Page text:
incisions are made the excess skin is removed from the breast. The skin
underneath the breast (the incision line) is drawn together and sutured,
lifting the breast to a new higher position. The areolae and nipples are removed (if applicable) to reposition at a higher placement
for the rejuvenated breast. The sutures will remain in this anchor fashion and around the areolae until about 10 days,
depending upon the heaviness of the breast and if implants were utilized
With the Lollipop (or
keyhole) Mastopexy, the incisions are around the areolae and nipple area
and in a straight line down from underneath the areola to the natural
crease of the breast. It is like the Standard Mastopexy but a little less
tissue (in the shape of a triangle) as well as excess tissue around the
areolae is removed. This is generally for breasts which have a medium
amount of ptosis (sag). The incision edges are drawn together as in
the Standard Mastopexy and sutured together. The nipple and areolae
complex is moved up as well.
Again, if you have minimal
ptosis (sag) you can possibly have the opportunity of having a Concentric
(Benelli, peri-areolar, doughnut) Mastopexy. If you have VERY
minimal sag, the crescent lift may be enough for you. I you have severe
sag usually the anchor lift is the commonly-chosen game plan by most
surgeons. Although some surgeons do perform the Benelli with or
without the addition of permanent sutures and report great results in very
Of course, if you are having breast augmentation with prosthetic mammary
implants with your mastopexy please read our
augmentation website, which hyperlinks to our sister site, in its
Usually before closure the
operating room staff performs an instrument and sponge check. After
all is accounted for your sutures are fully closed and dressed and you are dressed in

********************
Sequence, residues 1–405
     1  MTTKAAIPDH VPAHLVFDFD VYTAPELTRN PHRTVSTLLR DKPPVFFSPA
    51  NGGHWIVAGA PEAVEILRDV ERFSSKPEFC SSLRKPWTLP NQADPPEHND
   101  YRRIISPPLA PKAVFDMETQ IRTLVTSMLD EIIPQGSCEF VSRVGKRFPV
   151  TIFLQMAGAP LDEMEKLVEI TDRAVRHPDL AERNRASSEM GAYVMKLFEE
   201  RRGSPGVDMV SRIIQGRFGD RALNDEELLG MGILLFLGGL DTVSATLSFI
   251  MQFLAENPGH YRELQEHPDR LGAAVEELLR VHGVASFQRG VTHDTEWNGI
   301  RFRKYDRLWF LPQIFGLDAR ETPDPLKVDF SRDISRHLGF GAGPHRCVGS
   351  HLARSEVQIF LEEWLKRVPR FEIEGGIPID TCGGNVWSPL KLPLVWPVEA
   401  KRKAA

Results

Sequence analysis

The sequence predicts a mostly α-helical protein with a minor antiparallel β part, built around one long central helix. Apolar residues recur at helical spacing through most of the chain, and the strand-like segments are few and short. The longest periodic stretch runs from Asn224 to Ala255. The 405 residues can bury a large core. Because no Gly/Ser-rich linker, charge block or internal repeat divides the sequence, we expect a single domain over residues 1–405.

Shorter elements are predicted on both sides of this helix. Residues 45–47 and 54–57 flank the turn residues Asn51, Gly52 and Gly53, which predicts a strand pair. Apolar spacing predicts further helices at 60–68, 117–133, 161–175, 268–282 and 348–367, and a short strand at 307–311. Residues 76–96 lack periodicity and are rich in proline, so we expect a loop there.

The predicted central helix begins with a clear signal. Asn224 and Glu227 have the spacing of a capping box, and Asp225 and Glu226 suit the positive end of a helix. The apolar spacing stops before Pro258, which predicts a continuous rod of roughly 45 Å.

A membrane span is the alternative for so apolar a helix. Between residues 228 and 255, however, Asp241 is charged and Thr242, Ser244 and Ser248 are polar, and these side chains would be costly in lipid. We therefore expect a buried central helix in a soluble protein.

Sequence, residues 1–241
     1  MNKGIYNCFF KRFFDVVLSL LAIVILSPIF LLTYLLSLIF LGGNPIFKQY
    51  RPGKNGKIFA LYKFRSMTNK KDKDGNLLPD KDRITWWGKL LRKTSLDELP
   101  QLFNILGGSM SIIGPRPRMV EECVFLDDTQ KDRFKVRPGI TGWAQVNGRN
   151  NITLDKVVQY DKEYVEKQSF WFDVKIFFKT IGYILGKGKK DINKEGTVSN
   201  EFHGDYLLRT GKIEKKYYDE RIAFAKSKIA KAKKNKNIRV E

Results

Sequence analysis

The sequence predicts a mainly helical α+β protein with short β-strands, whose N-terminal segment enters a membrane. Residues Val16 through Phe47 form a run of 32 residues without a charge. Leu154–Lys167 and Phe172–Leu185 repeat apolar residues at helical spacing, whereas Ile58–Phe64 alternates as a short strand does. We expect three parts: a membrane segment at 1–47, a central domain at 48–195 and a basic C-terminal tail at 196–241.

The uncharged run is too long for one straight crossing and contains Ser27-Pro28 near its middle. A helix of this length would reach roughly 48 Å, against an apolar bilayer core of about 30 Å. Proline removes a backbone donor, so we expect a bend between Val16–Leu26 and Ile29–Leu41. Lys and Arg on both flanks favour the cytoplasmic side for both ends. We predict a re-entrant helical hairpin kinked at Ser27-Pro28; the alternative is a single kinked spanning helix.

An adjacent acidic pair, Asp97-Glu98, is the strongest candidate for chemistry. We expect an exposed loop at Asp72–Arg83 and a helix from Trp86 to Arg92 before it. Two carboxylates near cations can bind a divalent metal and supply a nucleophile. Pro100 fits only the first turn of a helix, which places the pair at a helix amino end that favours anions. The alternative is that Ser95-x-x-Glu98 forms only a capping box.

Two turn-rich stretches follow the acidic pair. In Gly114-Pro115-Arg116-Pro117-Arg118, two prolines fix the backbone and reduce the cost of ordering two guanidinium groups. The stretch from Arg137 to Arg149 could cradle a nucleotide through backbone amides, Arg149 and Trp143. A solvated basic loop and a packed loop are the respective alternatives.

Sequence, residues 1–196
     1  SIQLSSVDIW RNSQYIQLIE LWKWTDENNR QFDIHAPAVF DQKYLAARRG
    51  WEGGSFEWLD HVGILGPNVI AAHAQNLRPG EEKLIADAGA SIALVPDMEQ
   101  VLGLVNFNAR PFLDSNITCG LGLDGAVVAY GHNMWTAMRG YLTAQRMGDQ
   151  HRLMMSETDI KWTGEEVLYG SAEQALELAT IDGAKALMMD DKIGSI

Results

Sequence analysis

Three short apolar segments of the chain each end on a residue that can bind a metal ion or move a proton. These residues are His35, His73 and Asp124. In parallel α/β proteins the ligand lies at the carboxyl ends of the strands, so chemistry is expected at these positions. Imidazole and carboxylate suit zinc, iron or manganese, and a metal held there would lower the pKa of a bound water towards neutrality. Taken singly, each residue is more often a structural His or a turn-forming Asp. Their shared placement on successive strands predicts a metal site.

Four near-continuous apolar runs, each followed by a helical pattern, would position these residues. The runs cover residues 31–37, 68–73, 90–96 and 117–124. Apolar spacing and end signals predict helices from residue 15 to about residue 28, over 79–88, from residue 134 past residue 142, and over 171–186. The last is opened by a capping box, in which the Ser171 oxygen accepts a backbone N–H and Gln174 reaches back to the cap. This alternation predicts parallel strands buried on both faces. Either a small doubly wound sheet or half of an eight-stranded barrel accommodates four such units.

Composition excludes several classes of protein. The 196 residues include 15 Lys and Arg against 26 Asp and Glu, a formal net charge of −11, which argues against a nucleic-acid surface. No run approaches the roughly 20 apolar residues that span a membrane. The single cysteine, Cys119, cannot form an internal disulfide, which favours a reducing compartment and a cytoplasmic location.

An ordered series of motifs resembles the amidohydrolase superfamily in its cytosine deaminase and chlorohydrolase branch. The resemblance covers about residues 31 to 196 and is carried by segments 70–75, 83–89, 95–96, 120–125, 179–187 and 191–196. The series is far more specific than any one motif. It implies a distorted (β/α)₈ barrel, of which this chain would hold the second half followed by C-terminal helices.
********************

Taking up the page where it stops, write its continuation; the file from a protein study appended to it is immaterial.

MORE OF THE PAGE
your bra or two or whatever compression/surgical garment your doctor has a
preference for (perhaps wrapped with an ACE bandage as well). You are then
gently woken up.
Coming out of Anesthesia
& The Recovery Room
transition period can be very rough for some patients. You may
experience sickness, dizziness, crying, depression, anxiety,
haziness, etc. It is generally like drinking too much alcohol
(if you have ever experienced that) but with even less control over
your body's movements at first. You may also be cold and shaking
and this is usually from the anesthesia and epinephrine, the
possibly cold saline drip, and the cold operating room. This will pass.
Please ask for an extra blanket if desired. Y\Also, your
throat may be sore if you chose to have General anesthesia via intubation.
You will be taken
to the recovery room, which is usually located right off of the
operating room, and placed in a recliner, hospital bed or gurney and
placed somewhat upright to help with swelling and drainage. Your
saline drip will more than likely still be inserted and you will usually be hooked up to the monitors so that your recovery can be properly
tracked. If you do feel sick or are in pain, alert the recovery nurse. He or she will give you a pain reliever and possibly some sickness
relief medication or a few sips of cool water to ease your stomach.
If you chose
Light Sleep Sedation or Local with IV (basically the same thing) you
should be allowed to go home pretty soon (2-3 hours, depending). If